Alice Kinsella, Jessica Gadirova, Jennifer Gadirova, and Amelie Morgan
British Gymnastics announced the women’s team that is set to compete at the 2020 Olympic Games yesterday, and the decision was not without controversy.
A day before the final trial meets began over the weekend of May 7, Becky Downie learned that her younger brother Josh tragically passed away from a heart attack at just 24 years old while at cricket practice, and both she and sister Ellie ended up leaving the competition hall to be with their family.
The British federation offered the sisters an extension so they’d have an additional opportunity to prove themselves as contenders for the team, and while Ellie opted to sit out, Becky ended up agreeing to the terms of the additional final, competing bars and beam twice over the weekend of May 21, just two weeks after her brother’s death.
Downie hit one bars set well enough for a 14.450, the highest of the five routines she’s competed this year, though she sat the dismount on the other set and scored a 13.925. Her track record for the first set of trials in March wasn’t great, with a 14.3 for one routine, though she went sub-14 on the other two. She also hit three strong routines among the four routines she competed on that event, but with scores in the low 13s, none were high enough to make her a standout on the event.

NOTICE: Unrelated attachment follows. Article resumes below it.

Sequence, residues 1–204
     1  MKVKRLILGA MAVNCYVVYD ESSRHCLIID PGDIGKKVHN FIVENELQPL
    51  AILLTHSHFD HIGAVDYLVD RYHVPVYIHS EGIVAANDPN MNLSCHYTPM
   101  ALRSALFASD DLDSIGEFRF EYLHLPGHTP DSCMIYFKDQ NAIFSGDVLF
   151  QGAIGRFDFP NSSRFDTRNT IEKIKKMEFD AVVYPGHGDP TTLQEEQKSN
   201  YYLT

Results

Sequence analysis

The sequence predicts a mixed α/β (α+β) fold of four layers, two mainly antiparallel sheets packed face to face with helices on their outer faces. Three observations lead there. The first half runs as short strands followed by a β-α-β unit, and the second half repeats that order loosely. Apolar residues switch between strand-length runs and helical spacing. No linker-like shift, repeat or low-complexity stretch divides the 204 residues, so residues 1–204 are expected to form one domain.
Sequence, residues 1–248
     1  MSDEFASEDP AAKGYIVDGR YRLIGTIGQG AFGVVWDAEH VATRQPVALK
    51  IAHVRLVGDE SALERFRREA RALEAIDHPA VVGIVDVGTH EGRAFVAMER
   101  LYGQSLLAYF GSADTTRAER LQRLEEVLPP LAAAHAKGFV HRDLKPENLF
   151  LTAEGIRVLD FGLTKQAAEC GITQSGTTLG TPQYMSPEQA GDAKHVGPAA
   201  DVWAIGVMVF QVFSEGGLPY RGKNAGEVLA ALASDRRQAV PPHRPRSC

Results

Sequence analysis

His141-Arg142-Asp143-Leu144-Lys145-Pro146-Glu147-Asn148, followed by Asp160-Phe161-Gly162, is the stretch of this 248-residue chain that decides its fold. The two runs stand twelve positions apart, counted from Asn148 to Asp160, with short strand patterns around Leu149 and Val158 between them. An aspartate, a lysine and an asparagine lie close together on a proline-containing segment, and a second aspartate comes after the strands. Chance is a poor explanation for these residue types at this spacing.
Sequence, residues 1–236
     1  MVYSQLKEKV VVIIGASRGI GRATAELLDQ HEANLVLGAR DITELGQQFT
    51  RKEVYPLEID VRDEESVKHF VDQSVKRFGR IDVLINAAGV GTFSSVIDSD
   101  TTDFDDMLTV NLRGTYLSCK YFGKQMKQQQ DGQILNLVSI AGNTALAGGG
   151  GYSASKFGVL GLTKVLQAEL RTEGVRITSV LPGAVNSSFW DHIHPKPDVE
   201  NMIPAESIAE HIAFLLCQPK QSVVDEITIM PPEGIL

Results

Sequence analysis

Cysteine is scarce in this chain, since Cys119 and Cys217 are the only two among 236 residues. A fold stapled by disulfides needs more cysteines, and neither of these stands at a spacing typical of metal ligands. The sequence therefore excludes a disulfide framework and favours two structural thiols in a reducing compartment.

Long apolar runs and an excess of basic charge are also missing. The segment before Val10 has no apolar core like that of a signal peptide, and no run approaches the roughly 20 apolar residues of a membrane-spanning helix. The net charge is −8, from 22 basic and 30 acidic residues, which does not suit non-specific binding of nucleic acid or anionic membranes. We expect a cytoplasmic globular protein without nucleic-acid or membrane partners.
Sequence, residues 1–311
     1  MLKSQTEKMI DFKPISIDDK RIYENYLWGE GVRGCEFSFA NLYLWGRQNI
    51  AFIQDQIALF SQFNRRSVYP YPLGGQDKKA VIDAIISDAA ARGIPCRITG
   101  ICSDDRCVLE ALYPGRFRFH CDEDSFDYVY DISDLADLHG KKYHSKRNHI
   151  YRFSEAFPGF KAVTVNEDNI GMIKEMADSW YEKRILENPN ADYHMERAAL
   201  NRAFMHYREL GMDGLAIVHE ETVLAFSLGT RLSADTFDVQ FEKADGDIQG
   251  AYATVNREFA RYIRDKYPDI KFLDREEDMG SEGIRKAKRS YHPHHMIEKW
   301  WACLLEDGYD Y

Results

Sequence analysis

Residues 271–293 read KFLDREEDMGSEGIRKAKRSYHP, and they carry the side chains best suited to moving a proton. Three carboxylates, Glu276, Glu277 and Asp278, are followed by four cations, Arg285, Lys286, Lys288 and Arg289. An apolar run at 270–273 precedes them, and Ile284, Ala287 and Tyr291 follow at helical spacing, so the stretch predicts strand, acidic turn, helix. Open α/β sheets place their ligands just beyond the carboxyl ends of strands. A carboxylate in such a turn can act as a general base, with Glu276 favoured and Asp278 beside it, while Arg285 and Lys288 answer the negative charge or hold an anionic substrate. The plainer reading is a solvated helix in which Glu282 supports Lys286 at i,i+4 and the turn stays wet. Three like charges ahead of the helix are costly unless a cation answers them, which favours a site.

Making this year’s team with a four-up three-count qualifications format as a gymnast who competes only two apparatuses was never going to be easy, so I wasn’t surprised to see that Downie ended up not being selected to compete in Tokyo, especially when the selection committee said they were prioritizing the goals of the team over the goals of individual gymnasts.
Instead, the women’s program went with a young team that included all gymnasts who became seniors in the 2020 quad, including 2019 European beam champion Alice Kinsella, 2021 European bars bronze medalist Amelie Morgan, and the 16-year-old twins, 2021 European floor champion and all-around bronze medalist Jessica Gadirova and 2019 junior world vault silver medalist Jennifer Gadirova.
My problem is not that Downie wasn’t selected. As someone hoping to go primarily as a bars specialist, Downie needed to consistently hit at least a 14.8 average on the event as she did at worlds in 2019, but instead, her highest score was just a 14.450, and her average just a 13.810, a point lower than she likely needed. Downie has the potential for a 6.9 routine, which would put her among those with the highest difficulty in the world, but she had yet to compete it at that level, and instead competed four routines at a 6.4.
Perhaps Downie could have reached that 6.9 by the time she got to Tokyo, especially given that she was still doing strong 6.4 routines and competing at a trial meet under the most unimaginable pressure just two weeks after learning about her brother’s tragic death. But is it fair to reward a team spot based on potential?
I’d say no, and it seems British Gymnastics would agree in terms of why they thought Downie shouldn’t go, but that didn’t stop them from selecting gymnasts who also weren’t at a hundred percent at trials. Like Downie, both Morgan and Jennifer Gadirova were dealing with setbacks, and didn’t do everything they were capable of, and part of their selection seems to be based on potential and not so much what they did when it supposedly counted.